Inclusionary zoning policies are an increasingly popular tool for addressing affordable housing challenges, with many cities and counties adopting such policies since 2000. But the structure and features of these policies vary. Research suggests that the features of inclusionary zoning matter and need to be tailored to local market conditions.
Inclusionary zoning encourages or requires developers who are creating market-rate housing to set aside a percentage of the housing to be sold or rented at below-market rates. One common feature of inclusionary zoning policies is “in-lieu fees,” which developers can pay as an alternative to building on-site affordable units. (In-lieu fees are the most common name for this method of alternative compliance, but some jurisdictions might refer to this option as “buy-outs,” “opt-outs,” or “cash contributions.”) In-lieu fees are among the most hotly debated parts of inclusionary zoning, in part because little research exists on the variations in their structure and their advantages and disadvantages.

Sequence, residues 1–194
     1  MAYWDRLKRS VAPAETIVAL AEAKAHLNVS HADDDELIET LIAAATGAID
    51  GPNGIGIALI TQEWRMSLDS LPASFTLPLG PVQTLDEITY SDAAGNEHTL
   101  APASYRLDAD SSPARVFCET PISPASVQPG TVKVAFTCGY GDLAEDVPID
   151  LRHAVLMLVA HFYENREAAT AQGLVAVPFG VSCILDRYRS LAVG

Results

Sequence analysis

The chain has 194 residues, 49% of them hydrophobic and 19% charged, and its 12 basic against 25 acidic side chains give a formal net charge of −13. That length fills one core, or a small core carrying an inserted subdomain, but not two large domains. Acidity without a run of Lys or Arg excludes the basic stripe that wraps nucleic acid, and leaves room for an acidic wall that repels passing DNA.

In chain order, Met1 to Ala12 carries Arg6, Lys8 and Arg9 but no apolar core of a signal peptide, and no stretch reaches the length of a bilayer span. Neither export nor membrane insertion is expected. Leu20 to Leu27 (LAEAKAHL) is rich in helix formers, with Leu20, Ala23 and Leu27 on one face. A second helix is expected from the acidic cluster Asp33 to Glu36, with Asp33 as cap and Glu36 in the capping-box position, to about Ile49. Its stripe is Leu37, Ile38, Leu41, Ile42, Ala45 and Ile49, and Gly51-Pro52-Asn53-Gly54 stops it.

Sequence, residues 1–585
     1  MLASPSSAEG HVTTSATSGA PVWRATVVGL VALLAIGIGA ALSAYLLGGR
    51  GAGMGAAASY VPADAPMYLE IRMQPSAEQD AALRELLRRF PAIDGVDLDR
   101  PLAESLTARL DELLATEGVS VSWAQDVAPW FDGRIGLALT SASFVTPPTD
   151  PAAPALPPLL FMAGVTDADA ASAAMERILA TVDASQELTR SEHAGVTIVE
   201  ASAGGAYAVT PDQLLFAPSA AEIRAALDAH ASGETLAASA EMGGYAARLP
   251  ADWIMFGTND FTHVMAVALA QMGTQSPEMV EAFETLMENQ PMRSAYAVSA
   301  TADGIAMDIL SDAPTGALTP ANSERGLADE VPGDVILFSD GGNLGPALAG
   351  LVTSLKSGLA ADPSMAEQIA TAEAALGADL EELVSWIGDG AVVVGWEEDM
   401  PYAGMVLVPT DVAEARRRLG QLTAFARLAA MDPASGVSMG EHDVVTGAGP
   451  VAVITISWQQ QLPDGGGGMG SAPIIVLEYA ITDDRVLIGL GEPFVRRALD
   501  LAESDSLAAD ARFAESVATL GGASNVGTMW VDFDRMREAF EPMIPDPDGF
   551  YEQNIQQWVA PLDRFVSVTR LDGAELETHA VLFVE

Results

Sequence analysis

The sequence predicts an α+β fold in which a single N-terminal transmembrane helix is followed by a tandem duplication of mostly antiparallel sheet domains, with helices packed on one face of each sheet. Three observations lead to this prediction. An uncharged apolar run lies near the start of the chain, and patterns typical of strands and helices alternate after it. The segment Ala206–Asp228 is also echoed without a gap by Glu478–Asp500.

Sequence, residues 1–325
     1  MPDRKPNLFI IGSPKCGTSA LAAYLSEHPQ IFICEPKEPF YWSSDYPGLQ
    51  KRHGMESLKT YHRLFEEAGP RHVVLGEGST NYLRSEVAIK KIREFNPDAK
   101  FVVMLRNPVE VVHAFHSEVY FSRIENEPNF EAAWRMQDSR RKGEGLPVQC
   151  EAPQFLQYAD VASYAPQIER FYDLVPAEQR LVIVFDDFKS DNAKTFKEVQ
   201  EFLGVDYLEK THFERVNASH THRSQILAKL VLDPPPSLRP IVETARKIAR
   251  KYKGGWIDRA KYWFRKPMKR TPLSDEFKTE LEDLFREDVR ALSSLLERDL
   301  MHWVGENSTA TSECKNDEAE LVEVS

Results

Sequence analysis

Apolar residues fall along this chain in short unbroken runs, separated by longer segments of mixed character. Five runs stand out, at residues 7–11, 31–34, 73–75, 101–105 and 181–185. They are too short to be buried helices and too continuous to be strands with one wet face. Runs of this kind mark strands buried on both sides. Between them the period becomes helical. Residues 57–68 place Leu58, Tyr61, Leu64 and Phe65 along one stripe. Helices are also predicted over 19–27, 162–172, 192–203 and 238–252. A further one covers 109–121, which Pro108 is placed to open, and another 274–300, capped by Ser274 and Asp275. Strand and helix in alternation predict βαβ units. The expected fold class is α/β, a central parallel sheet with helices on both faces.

This brief has two goals. The first is to help local decisionmakers determine whether to include an in-lieu fee option in their inclusionary zoning ordinances. The second is to help local decisionmakers understand what variations of in-lieu fees exist and how to structure in-lieu fees. Based on a literature review and interviews with local government staff members, developers, nonprofit practitioners, and advocates, this brief first provides an overview of the goals of inclusionary zoning and the ways that in-lieu fees can advance or undermine those goals. It then discusses the methods that jurisdictions use to set in-lieu fees and details considerations for jurisdictions when they are setting in-lieu fees.